Joanie Gervais takes 4th place in 500m at 2015 Winter Universiade in Spain

Joanie Gervais (Saguenay, QC) finished fourth in the women's 500m on the second day of the short track speed skating competition at the 2015 Winter Universiade in Granada, Spain.

Gervais, who studies in kinesiology sciences at Université du Québec à Montréal (UQAM), came up with the best Canadian performance of the day with a time of 43 seconds and 963 hundredths, a personal best. She was 146 hundredths of a second away from a podium result.

“I wasn't aiming for a specific position, but I was telling myself that I was able to go for a spot in the A final, and it worked out,” noted Gervais. “I ended way behind the top-3 after the first lap, but I was able to catch up and try to overtake for third place at the finish line. I came close, but unfortunately, it didn't work.”

“I came up with a personal best time, so I can say that I did the best I could,” she added.

The Canadian team has come up with three fourth-place finishes so far in short track speed skating events at the 2015 Winter Universiade. Keri Morrison and Pascal Dion both ended up one place away from a bronze in the women's and men's 1500m on Wednesday.

China's Han Yu Tong, bronze medalist in Wednesday's 1500m race, skated to a gold medal in 43.573 seconds in Thurday's 500m, ahead of South Korea's Son Hakyung (43.655) and Lithuania's Agne Sereikaite (43.817).

This fall, Gervais took part in four ISU World Cup stages, skating in the 500m events in Montreal and Shanghai, and coming up with a sixth-place finish in the 1500m held in Montreal.

Gervais finished ahead of her teammate Caroline Truchon by 124 thousandths of a second in the semi-final, Thursday, to earn her spot in the final. Truchon, who studies in international relations and international law at Université du Québec à Montréal, ended up fifth in overall standings.

On the men's side, Samuel Bélanger-Marceau (Saint-Bruno-de-Montarville, QC) was the top Canadian. A student in rehabilitation sciences in physiotherapy at McGill University, he was eliminated in the quarterfinals and finished 14th overall.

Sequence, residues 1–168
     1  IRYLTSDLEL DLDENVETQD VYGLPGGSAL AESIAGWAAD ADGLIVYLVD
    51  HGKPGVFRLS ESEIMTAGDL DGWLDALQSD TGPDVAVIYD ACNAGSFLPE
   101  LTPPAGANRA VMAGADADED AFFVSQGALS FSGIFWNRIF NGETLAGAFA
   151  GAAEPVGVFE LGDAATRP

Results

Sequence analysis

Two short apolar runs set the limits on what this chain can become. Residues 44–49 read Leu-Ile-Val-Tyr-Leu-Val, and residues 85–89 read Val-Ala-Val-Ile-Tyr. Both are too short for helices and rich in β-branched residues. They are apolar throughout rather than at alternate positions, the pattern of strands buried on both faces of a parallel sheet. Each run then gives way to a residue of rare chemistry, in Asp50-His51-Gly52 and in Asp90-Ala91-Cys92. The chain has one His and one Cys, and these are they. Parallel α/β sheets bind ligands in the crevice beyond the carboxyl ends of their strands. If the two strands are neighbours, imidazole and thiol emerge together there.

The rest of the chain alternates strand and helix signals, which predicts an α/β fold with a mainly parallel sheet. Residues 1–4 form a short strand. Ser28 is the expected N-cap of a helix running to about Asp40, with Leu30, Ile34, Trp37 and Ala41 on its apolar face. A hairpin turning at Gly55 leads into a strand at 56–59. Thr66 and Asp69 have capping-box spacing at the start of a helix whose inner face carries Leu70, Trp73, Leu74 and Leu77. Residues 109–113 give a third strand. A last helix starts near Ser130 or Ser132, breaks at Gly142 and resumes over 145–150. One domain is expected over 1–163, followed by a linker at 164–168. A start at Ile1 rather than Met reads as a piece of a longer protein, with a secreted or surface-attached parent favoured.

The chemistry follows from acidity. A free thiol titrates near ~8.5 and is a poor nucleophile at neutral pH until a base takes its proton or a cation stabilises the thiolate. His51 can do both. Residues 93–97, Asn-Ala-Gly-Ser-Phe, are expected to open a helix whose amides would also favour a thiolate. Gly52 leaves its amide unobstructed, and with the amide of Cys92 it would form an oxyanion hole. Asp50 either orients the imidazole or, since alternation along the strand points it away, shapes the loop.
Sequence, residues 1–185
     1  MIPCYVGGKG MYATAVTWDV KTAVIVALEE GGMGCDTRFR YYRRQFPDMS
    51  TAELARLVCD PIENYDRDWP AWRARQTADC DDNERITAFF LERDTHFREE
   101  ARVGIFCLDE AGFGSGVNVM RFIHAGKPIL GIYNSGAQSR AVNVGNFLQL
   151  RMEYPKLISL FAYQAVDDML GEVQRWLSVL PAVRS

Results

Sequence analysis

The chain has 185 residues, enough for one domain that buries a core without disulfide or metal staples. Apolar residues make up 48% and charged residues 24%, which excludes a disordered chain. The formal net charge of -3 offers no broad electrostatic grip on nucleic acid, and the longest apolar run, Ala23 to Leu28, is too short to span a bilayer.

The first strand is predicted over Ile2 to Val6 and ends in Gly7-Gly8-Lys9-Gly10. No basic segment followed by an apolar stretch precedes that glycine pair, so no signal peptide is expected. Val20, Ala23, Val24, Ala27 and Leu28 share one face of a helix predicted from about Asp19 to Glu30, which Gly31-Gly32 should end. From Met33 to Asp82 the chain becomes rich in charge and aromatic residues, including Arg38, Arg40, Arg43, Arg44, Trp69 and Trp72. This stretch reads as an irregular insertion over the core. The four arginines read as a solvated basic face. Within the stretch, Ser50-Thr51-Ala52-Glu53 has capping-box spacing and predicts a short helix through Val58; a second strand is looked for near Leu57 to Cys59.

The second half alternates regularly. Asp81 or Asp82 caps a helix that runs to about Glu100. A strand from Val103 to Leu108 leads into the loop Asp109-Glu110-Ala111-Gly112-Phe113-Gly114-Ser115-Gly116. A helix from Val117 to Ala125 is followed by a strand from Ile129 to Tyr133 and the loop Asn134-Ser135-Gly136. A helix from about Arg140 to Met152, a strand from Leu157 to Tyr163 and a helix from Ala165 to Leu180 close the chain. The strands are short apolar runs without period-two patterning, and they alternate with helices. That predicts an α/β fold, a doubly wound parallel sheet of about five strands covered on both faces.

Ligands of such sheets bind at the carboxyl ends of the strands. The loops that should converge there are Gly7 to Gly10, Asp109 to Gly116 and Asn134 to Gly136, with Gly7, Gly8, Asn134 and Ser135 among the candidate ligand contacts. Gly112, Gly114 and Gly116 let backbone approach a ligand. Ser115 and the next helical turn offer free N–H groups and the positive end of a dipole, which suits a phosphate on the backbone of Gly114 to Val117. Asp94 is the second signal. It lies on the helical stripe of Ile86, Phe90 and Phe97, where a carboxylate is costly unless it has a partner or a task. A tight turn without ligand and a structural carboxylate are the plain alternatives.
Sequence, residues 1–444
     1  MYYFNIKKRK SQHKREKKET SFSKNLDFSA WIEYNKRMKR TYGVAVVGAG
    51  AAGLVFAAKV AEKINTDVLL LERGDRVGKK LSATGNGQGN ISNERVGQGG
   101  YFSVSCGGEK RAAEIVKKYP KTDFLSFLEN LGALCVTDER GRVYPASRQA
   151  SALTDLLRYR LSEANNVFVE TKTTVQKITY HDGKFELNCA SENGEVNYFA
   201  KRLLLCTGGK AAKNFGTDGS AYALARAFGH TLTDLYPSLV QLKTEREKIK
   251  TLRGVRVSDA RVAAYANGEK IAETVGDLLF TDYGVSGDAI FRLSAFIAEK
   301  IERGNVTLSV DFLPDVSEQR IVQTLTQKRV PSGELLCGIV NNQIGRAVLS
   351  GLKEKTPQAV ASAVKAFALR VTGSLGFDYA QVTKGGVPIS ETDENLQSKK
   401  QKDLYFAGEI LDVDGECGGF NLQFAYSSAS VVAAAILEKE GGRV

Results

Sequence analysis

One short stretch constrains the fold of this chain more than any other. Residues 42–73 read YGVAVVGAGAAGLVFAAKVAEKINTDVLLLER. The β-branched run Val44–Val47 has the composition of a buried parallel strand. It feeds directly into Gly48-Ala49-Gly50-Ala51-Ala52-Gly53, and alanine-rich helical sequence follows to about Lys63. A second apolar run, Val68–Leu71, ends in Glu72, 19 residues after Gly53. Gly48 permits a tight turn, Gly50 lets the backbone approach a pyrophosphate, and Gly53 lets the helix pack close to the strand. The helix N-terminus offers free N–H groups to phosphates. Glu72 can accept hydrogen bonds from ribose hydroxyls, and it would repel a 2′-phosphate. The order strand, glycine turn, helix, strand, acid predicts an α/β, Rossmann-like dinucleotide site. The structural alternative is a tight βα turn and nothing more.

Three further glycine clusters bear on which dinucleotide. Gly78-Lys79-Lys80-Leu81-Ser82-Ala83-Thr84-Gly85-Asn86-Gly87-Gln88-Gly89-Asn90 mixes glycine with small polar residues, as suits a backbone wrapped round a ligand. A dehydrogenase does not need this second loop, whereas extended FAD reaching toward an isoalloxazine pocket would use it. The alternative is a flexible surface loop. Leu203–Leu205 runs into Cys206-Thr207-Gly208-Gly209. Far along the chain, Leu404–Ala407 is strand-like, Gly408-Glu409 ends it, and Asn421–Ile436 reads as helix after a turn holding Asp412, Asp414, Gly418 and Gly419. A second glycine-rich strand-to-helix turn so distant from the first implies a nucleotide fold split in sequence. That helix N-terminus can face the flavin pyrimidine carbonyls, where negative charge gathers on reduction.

Relays: women qualify for the A final; B final for the men
In the women's relay, the Canadian team qualified for the A final, set to take place Friday.

In Thursday's semi-final, Joanie Gervais, Namasthée Harris-Gauthier (Montréal, QC), Jamie MacDonald (Fort St. James, B.C.) and Caroline Truchon came up with the second-best time (4:19.564) behind China (4:17.798) and ahead of Ukraine (4:26.769). The Canadian women will go up against China, South Korea and Japan in the final.

The men's relay, comprised of Samuel Bélanger-Marceau, Pascal Dion (Montréal, QC, borough Rivière-des-Prairies - Pointe-aux-Trembles, QC), Yoan Gauthier (Rivière-du-Loup, QC) and William Preudhomme (Toronto, ON), saw their medal hopes vanish by 105 thousandths of a second as they finished third (7:00.174) in their semi-final, behind Russia (6:59.827) and France (6:59.969). They will race in Friday's B final along with South Korea, the United States and Poland.

“Our plan was to take advantage of our strong points against teams that we were capable of beating,” said Gauthier. “Unfortunately, we were skating on a temporary ice surface, so it wasn't the best ice we've ever skated on. One of our skaters fell, which could have happened to anybody. We did very well to come back and catch up, and we came very close to qualifying for the A final in spite of it all.”

“It was a good experience to go through and it will be the case again in the B final,” added Gauthier. “We'll be skating against South Korea, who had the same mishap we had, so we'll still be going up against strong opposition.”